Friday, July 10, 2020

Building Bridges: Getting Outside Your Echo Chamber

I made a deal with myself. Each day I choose to read or listen to at least one counter political and social perspective so that I have a better understanding of the political spectrum in general, so that I have my own ideas challenged, and in hopes that I can discover where common ground exist. Today I listening to a Ted talk by Theo E.J. Wilson. His message was that conversations outside our personal echo chambers on social media and within our own political perspectives are the solution to building bridges across the political and social divide that is threatening our society.

Wilson recommended a few names of people on the left side of the political spectrum that right leaning people, and conservatives, should listen to. Today I decided to listen to an hour interview with Tim Wise on current events.

Areas that have potential to produce constructive bipartisan conversations: 

1) Policing culture that punishes fellow cops who speak out against corruption and/or police brutality needs to change.

This is something Tim Wise talked about that definitely has bipartisan support for. Unlike Tim Wise's characterization of conservatives as silent on police brutality, after the murder of George Floyd I heard universal condemnation of his actions from every conservative source I read and listen to, including the President. He says conservatives aren't as outraged that "white people are on a very different wave length on what constitutes oppression." There is some truth there generally, though I haven't seen that in George Floyd's case specifically. Here's what I mean. In general conservatives look at the very small number of police shootings of unarmed persons in the U.S. and look at each of them case by case, when you look at them this way it is not possible to conclude that there is an "innumerable" or "unending" number of black victims of murder by police and vigilantes as the charge is being made by the BLM movement. It doesn't mean that every death isn't a tragedy, but it does mean that the relatively small number of deaths at the hands of police in comparison to the overall criminal homicide rates don't constitute the level of oppression Tim Wise talks about when he calls for revolutionary tactics in "the movement" to abolish state-sponsored oppression.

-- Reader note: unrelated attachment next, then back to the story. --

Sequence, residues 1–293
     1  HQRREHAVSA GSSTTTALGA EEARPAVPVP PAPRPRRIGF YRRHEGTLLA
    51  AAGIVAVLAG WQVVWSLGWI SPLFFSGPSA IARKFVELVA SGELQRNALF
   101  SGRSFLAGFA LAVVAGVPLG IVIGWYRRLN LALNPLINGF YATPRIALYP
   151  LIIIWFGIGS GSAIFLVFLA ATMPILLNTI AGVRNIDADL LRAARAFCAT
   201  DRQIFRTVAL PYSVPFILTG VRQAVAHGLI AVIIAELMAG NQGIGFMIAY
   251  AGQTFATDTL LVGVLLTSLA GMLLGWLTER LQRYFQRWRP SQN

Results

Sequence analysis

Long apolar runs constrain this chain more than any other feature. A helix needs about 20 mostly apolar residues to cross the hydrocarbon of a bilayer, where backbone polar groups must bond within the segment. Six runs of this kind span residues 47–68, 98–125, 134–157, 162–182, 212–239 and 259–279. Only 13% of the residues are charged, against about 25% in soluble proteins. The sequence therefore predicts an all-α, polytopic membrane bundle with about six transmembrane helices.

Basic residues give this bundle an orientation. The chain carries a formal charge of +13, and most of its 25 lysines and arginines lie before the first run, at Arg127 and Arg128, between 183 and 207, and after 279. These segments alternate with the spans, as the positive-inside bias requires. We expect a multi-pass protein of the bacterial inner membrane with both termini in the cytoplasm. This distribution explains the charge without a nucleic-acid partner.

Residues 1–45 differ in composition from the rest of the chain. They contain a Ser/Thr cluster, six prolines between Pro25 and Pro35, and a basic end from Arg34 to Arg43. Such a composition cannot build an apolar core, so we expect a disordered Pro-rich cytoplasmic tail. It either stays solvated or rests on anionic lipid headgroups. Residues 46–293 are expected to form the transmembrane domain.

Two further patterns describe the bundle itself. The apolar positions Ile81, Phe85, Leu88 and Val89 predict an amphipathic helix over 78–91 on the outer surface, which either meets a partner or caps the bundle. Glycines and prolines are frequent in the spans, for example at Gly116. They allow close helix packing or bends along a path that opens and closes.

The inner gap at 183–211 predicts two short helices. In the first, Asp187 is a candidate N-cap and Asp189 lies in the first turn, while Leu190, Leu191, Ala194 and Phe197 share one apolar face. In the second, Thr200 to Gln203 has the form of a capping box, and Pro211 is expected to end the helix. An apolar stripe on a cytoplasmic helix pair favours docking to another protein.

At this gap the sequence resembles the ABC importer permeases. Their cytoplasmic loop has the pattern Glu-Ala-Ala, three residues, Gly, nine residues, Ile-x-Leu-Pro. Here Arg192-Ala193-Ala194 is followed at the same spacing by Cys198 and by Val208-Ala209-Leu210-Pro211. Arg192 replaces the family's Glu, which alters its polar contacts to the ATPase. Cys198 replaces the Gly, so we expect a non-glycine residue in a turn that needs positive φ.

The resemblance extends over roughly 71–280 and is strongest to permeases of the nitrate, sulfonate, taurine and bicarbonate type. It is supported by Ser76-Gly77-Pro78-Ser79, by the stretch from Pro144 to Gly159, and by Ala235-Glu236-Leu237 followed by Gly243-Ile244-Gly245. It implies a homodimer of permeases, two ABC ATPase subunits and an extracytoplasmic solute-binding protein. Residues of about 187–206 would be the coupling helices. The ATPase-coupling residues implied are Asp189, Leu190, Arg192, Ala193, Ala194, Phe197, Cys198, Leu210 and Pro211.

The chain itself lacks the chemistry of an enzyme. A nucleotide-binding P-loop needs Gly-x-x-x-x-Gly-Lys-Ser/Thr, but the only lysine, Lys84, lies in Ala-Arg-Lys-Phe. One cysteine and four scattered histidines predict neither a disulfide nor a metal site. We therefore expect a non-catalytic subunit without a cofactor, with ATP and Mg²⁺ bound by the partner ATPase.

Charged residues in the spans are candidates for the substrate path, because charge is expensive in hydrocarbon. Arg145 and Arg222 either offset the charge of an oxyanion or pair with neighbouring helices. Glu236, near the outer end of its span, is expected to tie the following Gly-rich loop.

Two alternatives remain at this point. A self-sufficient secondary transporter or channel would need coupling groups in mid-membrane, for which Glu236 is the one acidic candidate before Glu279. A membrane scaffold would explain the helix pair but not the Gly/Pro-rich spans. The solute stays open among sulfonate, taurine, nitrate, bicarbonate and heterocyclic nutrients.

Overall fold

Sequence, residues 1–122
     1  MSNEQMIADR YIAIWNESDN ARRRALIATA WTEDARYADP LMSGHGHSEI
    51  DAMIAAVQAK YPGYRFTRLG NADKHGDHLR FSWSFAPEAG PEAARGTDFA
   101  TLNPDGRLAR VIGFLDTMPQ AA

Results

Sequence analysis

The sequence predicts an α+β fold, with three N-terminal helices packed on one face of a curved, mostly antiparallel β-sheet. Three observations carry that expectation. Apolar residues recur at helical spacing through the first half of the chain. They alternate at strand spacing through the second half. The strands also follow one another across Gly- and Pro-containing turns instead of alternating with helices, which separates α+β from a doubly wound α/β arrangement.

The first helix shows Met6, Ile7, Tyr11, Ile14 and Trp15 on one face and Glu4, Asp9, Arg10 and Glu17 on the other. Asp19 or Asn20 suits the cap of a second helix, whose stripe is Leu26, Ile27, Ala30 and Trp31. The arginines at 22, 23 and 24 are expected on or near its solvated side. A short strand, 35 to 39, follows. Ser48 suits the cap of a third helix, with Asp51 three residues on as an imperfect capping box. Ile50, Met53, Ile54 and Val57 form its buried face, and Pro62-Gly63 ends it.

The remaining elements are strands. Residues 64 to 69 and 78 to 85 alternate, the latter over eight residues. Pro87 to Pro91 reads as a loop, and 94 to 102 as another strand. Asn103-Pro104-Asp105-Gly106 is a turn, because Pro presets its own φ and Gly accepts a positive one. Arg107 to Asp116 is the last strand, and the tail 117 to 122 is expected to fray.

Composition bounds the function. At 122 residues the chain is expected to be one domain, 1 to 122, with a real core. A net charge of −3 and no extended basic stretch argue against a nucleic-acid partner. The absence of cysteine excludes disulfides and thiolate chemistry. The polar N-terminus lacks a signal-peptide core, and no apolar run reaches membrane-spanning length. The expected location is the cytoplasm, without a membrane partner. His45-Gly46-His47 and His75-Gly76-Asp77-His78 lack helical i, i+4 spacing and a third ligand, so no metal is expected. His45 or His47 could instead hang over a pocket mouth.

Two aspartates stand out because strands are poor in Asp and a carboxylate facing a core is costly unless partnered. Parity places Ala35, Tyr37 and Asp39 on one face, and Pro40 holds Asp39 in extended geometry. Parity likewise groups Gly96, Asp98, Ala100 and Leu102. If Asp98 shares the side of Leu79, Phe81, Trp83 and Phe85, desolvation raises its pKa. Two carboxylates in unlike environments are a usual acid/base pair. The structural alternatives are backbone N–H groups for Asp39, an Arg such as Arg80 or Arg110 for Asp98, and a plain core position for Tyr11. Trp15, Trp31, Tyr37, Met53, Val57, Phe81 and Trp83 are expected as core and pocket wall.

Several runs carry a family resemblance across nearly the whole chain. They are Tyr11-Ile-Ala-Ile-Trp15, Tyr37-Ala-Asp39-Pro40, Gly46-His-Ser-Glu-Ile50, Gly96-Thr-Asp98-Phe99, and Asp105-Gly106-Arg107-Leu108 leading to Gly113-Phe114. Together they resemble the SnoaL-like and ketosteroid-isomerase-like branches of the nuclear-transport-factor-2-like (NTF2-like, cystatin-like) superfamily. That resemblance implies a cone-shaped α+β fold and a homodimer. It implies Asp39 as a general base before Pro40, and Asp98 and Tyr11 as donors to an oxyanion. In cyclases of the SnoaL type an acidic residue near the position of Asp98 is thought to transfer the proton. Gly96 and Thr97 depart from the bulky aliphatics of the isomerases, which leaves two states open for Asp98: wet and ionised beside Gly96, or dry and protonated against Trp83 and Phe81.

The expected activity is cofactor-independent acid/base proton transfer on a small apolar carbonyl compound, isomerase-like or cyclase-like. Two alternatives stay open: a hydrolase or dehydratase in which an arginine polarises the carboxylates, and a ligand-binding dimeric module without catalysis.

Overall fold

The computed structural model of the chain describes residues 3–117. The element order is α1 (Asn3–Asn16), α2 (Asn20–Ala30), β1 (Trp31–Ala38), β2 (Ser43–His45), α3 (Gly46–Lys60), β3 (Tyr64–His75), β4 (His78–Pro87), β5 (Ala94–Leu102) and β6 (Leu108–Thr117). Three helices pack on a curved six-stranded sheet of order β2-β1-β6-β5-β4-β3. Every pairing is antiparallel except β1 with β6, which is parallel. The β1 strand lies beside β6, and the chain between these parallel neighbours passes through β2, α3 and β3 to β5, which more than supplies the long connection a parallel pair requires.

The fact that conservatives tend to look at cases of police shootings and police brutality on a case by case basis, considering the facts of the case in full and desiring for justice to be done, does not mean that conservatives are less concerned, but it does mean they are on a different wave length than some on the left like Time Wise. The wave length he is on is the one we are seeing most predominately represented in the national media and among progressive politicians, which gives the impression that the greater portion of police are racist and that police departments are systemically racist. Their rhetoric charges police culture at large with systematic racism. That a charges 18,000 police departments nationally with systematic racism and discounts the overwhelming good that approximately 800 thousand police do. The rhetoric is even more pernicious because it treats killing of unarmed Americans as an epidemic. I continually hear my friends parrot this narrative and express their dismay over the "innumerable victims" of police brutality. From the way it is talked about in general it seems as though there are thousands, if not tens or hundreds of thousands of black Americans being gunned down in racial killings by police.

What is the reality? How wide spread are these incidents? 

Number of persons killed by police by race & year

In 2019 there were 235 black Americans killed by police, that is .00049% of the black population. It is also true that police are 18 times more likely to be shot and killed by a black suspect then they are to kill one.